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Team Liquid says goodbye to Heroes of the Storm, drops team

When Blizzard decided not to continue the Heroes Global Championship last year, the competitive league for Heroes of the Storm, many pros were understandably not happy about it. Among those affected were Team Liquid, who had put together a squad for the 2014 BlizzCon Exhibition Tournament, and had a roster make it to the HGC finals in 2018. The team was kept on contract by Team Liquid for an extra month to help smooth over the transition to whatever they choose to do next, and have now been let go.

Over at the Team Liquid website there's a detailed history of their involvement with Heroes of the Storm, including a neat infographic about their performance (their longest match was 38.39, while the shortest was over in just 6.53), most-played heroes, and so on. There's also some info about where the individual players plan on going next. "SportBilly, Nurok, and HasuObs have all been streaming, while Nurok has been duo-queueing League of Legends with Arcaner", it says. "SportBilly has been playing League as well, but alternating that with streams of Fortnite."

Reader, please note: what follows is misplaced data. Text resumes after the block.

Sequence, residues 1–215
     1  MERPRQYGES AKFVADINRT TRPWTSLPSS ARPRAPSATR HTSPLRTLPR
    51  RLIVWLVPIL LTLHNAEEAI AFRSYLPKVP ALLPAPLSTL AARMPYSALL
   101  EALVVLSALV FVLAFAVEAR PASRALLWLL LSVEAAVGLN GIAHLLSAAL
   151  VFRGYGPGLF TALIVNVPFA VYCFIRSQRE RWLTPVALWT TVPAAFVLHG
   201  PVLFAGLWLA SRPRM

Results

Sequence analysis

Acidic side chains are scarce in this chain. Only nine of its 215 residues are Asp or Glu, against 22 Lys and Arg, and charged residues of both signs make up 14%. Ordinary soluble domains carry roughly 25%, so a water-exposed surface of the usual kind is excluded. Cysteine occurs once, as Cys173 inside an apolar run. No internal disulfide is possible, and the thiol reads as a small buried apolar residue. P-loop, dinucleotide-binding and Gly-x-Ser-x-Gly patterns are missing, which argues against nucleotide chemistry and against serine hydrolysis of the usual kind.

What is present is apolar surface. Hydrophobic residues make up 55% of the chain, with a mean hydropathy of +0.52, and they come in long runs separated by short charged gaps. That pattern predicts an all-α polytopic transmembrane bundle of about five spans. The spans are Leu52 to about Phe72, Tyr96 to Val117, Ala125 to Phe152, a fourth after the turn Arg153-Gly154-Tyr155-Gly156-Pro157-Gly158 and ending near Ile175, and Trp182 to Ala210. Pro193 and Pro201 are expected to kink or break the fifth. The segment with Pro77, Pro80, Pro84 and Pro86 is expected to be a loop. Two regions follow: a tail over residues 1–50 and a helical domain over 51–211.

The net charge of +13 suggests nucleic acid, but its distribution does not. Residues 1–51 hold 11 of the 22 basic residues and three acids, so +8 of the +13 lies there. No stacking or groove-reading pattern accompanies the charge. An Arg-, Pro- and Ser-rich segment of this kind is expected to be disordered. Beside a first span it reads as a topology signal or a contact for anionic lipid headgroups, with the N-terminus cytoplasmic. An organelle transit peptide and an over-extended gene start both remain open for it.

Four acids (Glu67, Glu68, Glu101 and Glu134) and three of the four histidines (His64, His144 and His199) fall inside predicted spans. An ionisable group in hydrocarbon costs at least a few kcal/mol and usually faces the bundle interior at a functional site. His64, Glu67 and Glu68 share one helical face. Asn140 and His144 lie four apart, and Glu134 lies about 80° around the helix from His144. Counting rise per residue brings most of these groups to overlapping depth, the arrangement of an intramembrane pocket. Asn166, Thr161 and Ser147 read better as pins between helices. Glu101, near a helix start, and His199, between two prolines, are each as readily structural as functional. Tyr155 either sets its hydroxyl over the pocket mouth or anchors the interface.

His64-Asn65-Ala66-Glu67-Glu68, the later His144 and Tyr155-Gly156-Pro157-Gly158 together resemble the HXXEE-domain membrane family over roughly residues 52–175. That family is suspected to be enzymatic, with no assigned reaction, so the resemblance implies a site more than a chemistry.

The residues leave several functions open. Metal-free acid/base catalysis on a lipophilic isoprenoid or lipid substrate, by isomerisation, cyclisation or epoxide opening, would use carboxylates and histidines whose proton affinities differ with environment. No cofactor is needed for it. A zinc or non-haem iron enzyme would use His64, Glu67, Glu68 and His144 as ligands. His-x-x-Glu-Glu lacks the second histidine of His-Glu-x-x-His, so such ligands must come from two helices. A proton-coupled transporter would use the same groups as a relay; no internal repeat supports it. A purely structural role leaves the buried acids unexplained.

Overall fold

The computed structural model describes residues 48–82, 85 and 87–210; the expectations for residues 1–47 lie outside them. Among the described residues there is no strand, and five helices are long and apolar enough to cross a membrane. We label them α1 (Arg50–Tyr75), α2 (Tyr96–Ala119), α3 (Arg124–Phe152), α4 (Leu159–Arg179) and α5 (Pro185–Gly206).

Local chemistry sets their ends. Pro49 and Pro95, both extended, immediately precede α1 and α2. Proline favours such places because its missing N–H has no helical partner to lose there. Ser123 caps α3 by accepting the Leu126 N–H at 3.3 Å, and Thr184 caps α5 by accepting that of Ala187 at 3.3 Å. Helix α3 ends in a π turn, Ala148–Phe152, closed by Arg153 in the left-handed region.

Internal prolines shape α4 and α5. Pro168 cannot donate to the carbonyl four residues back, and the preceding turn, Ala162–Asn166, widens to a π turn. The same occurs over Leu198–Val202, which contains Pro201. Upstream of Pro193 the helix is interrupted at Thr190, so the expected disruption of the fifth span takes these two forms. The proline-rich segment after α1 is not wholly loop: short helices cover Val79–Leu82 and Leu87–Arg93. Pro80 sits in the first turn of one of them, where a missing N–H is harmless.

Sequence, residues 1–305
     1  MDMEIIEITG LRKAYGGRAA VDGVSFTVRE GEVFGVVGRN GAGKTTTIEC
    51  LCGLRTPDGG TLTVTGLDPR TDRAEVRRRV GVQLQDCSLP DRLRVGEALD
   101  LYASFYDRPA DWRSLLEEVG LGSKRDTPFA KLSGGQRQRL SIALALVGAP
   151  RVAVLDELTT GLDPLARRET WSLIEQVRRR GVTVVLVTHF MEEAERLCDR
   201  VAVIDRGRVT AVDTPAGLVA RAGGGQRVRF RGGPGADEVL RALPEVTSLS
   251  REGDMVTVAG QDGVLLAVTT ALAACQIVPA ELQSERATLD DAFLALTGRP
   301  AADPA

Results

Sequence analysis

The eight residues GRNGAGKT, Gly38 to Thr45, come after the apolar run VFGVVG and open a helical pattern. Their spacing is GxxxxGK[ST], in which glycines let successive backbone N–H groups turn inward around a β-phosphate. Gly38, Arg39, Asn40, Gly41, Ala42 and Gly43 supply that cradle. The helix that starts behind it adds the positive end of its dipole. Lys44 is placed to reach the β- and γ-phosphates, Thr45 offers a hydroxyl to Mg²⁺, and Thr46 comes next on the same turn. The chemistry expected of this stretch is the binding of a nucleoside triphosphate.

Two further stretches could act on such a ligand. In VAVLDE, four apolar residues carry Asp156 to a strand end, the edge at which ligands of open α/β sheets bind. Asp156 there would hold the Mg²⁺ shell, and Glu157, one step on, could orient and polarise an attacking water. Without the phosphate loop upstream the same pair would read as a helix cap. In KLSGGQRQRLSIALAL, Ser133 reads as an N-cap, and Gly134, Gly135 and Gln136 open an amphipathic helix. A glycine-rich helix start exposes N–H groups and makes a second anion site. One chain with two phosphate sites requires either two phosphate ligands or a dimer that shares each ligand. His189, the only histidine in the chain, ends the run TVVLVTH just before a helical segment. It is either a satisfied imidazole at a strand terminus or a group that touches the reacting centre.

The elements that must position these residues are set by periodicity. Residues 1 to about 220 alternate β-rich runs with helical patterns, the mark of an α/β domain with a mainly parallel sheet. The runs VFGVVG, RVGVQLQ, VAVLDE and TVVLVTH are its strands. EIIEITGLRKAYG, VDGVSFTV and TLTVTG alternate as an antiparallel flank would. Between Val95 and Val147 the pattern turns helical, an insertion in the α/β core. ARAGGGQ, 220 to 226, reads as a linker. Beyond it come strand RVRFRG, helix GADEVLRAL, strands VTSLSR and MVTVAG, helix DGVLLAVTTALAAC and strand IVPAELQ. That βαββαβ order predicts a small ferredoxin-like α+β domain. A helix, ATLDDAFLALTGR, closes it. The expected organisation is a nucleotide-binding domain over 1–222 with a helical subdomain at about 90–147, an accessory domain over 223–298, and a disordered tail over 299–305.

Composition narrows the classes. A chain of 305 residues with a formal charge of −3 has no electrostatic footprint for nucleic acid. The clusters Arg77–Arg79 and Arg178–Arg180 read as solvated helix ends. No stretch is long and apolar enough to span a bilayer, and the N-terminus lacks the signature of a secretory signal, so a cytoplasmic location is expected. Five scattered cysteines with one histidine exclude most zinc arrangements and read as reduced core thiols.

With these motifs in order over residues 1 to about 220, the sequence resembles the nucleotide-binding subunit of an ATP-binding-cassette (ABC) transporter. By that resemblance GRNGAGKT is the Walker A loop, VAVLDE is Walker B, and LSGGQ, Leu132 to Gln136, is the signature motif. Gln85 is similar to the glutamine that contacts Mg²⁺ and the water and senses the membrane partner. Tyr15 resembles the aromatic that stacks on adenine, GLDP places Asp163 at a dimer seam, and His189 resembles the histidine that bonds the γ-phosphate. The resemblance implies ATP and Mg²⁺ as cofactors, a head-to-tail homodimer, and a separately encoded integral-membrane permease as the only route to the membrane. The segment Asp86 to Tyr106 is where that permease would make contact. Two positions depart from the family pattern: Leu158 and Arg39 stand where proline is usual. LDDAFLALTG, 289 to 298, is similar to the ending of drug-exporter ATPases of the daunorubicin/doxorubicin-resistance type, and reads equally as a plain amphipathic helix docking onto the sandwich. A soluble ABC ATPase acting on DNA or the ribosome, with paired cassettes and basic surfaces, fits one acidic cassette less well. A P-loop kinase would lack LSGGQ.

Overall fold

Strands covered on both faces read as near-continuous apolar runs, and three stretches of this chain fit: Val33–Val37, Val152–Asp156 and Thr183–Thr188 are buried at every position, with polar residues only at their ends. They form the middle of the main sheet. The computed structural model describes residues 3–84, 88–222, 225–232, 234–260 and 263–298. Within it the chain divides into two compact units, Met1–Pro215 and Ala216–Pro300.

Finally, there's a personal letter from Team Liquid's founder Victor 'Nazgul' Goossens, who is critical of Blizzard's decision to cancel the HGC without warning. "This is a full ecosystem with hundreds of young adults relying on its existence", he writes. "To just pull the plug on it overnight is entirely irresponsible. There should be long term commitments from publishers to the leagues they run and a decision about discontinuing should be made well in advance.

Jody Macgregor

Jody's first computer was a Commodore 64, so he remembers having to use a code wheel to play Pool of Radiance. A former music journalist who interviewed everyone from Giorgio Moroder to Trent Reznor, Jody also co-hosted Australia's first radio show about videogames, Zed Games. He's written for Rock Paper Shotgun, The Big Issue, GamesRadar, Zam, Glixel, and, whose cheques with the bunny logo made for fun conversations at the bank. Jody's first article for PC Gamer was published in 2015, he edited PC Gamer Indie from 2017 to 2018, and actually did play every Warhammer videogame.